Contributed by Daniel Daniel
Soap films are thin layers of liquid (usually water) surrounded by air. A soap bubble is essentially of a thin layer of water film that separates the air inside and outside of the bubble. Another example where soap films are found is foam, which consists of a network of thin water films that are connected in accordance to Plateau's laws, which will be explained in a later section. Soap films are stable due to the presence of surfactants, usually ampiphilic molecules, such as sodium dodecyl sulfate which has a hydrophilic head that interacts preferentially with water and a hydrophobic tail that interacts preferentially with air. This is schematically shown in figure 1.
Physics of soap film
The first thing about soap film that catches the eye is irridescence (See figure 2) - how the colour of the bubble seems to change with the viewing angle. This is a very common property of colour that has a more physical rather than chemical origin. In fact, the irridescence is the result of interference of light that has been reflected off the two water-air interfaces that form the soap film, very much like the irridescence that we see in an oil slick. This phenomenon is often called thin-film intereference.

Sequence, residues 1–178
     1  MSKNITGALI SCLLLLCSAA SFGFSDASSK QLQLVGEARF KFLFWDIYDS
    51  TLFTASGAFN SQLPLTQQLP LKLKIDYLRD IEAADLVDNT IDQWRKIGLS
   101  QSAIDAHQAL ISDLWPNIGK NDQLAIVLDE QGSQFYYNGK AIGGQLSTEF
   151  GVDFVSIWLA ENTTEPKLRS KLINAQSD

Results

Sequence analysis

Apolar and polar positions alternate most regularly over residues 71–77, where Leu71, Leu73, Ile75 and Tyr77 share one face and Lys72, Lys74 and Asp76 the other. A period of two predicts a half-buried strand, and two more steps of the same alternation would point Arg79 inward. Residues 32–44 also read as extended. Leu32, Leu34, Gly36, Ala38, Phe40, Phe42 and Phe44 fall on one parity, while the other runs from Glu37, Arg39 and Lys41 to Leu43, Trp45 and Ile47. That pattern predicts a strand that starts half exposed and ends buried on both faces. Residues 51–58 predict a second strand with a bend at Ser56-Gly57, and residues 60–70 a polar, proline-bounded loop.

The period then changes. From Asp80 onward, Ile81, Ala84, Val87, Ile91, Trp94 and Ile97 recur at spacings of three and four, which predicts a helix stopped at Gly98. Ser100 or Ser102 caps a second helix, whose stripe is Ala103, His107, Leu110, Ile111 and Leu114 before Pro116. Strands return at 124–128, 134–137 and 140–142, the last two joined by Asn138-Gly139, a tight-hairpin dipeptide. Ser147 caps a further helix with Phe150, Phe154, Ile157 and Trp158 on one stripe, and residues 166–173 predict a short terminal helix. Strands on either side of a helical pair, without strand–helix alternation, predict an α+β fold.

Another property of the soap film is that they always try to minimize the surface area. This is because there is an energy cost associated with the water-air interface. This is why an air bubble is a sphere and a soap film on a wand is always a plane. This is more dramatically demonstrated when we have soap films between two wands as shown in figure 3. In this case, the shape is a catenoid, which can be constructed by rotating a hyperbolic cosine. It is well-known that this is the shape that minimizes area in this case.
So far we have only discussed cases where the soap films do not intersect one another. When soap films intersect one another, they can only do so at particular angles. Hence, even the most complex network of soap films in a foam will obey plateau's laws which are that:
1) Soap films will always meet in threes along an edge called Plateu's border at an angle of 120 degrees 2) These plateau borders will only meet in fours at a vertex an angle of 109.47 degrees (the tetahedral angle)
These are obeyed even in this rather complicated structure of soap bubbles in figure 4. In fact, Plateau's laws are simply a reformulation of the minimization of area principle that we have discussed. These laws were formulated in the19th century by Belgian physicist Joseph Plateau, but it is only mathematically proven by Jean Taylor using Geometric Measure Theory in 1976.
Figures 2, 3 and 4 are taken from http://www.soapbubble.dk/en/bubbles/geometry.php